Trump recited a number of GOP selling points for the tax cuts, which Democrats opposed for conferring most of the benefits on the wealthy and large corporations. Trump said a “typical family” earning $75,000 a year is saving more than $2,000 a year in federal taxes.
He also touted the doubled child credit and said he eliminated the “unfair death tax.”
Polls have found the GOP tax cuts to be unpopular with many Americans. A Pew Research Center poll taken in March found 36 percent in support of the tax law while 49 percent were opposed.
The DFL Party branded the event as a “publicity stunt” and criticized the tax law for draining resources for schools and social programs like Medicare and Medicaid.
“The truth is, Donald Trump is a rich businessman using the presidency and his tax bill to make money for himself and his rich friends,” said DFL Chairman Ken Martin.
One of Trump’s 2020 Democratic challengers, Minnesota U.S. Sen. Amy Klobuchar, released her 2018 tax return a few hours before Trump’s visit. Minnesota Gov. Tim Walz, who met with Trump briefly on Air Force One to discuss disaster relief, also released his 2018 return. Klobuchar said Trump, who has long resisted calls to release his tax returns, should do likewise.
Environmentalists also took aim at Trump’s promise to ramp up mineral exploration near the Boundary Waters.
“Donald Trump is selling out Minnesota and the Boundary Waters Wilderness to a foreign mining corporation — plain and simple,” said Tom Landwehr, executive director of the Campaign to Save the Boundary Waters. “Economic analysis from two Harvard economists show that mining near the Boundary Waters will destroy more jobs than it creates.”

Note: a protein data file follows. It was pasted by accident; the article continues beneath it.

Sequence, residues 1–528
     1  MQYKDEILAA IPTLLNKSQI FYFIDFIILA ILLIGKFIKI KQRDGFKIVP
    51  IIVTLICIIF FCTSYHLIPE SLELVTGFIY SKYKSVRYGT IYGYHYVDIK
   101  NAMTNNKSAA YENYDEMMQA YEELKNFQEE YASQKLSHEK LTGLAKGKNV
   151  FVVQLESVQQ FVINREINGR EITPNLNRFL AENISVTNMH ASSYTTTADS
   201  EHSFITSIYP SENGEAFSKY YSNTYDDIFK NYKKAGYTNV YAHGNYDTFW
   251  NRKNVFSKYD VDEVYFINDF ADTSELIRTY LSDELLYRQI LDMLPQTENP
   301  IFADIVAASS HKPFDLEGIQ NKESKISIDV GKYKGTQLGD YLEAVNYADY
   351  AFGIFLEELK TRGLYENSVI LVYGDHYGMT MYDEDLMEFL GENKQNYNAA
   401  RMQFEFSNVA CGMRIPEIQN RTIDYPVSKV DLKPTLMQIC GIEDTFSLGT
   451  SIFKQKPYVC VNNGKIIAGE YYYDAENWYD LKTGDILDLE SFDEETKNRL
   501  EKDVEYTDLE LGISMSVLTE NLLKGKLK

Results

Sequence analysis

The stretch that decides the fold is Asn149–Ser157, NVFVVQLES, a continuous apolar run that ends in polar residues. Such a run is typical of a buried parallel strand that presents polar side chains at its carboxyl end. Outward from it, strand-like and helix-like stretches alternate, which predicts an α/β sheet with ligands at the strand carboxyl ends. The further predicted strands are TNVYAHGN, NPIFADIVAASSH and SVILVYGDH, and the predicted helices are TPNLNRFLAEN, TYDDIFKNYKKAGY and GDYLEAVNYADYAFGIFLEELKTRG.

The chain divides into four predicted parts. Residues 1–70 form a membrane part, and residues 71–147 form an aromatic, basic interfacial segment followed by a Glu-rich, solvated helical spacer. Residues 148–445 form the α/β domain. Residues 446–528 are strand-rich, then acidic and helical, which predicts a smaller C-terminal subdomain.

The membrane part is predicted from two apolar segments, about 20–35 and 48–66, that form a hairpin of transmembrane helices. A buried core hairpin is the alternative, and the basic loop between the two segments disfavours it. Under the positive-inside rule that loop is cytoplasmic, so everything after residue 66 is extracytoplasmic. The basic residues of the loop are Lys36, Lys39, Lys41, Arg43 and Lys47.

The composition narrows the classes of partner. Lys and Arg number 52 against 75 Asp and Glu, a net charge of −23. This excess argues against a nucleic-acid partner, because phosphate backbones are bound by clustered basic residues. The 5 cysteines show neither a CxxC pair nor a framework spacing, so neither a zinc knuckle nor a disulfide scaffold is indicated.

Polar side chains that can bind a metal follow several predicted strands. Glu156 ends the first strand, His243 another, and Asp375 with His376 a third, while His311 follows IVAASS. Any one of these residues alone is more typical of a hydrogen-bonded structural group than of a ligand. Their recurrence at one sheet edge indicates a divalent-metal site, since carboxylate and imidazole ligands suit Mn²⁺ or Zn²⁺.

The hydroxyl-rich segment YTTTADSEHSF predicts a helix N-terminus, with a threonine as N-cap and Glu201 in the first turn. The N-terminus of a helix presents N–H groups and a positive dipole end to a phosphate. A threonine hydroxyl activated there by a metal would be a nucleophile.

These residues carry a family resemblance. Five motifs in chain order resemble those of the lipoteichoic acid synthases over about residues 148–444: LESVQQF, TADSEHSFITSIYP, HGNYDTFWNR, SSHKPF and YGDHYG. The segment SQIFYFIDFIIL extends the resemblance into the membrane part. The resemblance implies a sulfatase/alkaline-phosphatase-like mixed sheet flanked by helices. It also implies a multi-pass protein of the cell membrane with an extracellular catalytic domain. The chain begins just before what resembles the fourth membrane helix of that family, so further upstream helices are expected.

While Trump frequently turned to taxes and the U.S. economy, he did range more widely during the roundtable discussion, touching on some of his favorite topics. He again promised a replacement for Obamacare if he is reelected next year.
“We’re not only going to save all your private plans but we’re going to give you something much better as an alternative,” he said, vowing lower premiums and deductibles. On other occasions, Trump has said that a GOP health plan will likely not be introduced until after the 2020 elections.
Trump also talked about immigration, repeating frequent promises that he would slow the flow of immigrants from other countries. He predicted the issue would help Republicans in next year’s election.
“We can retake the House. I think over this issue, I think we can retake,” Trump said.
Some local groups mounted organized protests against Trump. Beatriz Winters, of Burnsville, said the Trump administration has unleashed hatred like she’s never seen.
“With this new administration, we are finding the rise of hate and discrimination, and I’m standing against it,” Winters said.
Rene Reynolds drove from Hammond, Wis., to show support for Trump. Wrapped in an American flag bearing Trump’s face, and wearing a red “Keep America Great” hat, she stood in the front line waiting for the president.
Reynolds said she will vote for Trump again in 2020 and hopes he wins in Wisconsin for a second time. She’s working on convincing her family.
“I have some sisters I need to sway, but I really think he’s doing a good job,” Reynolds said.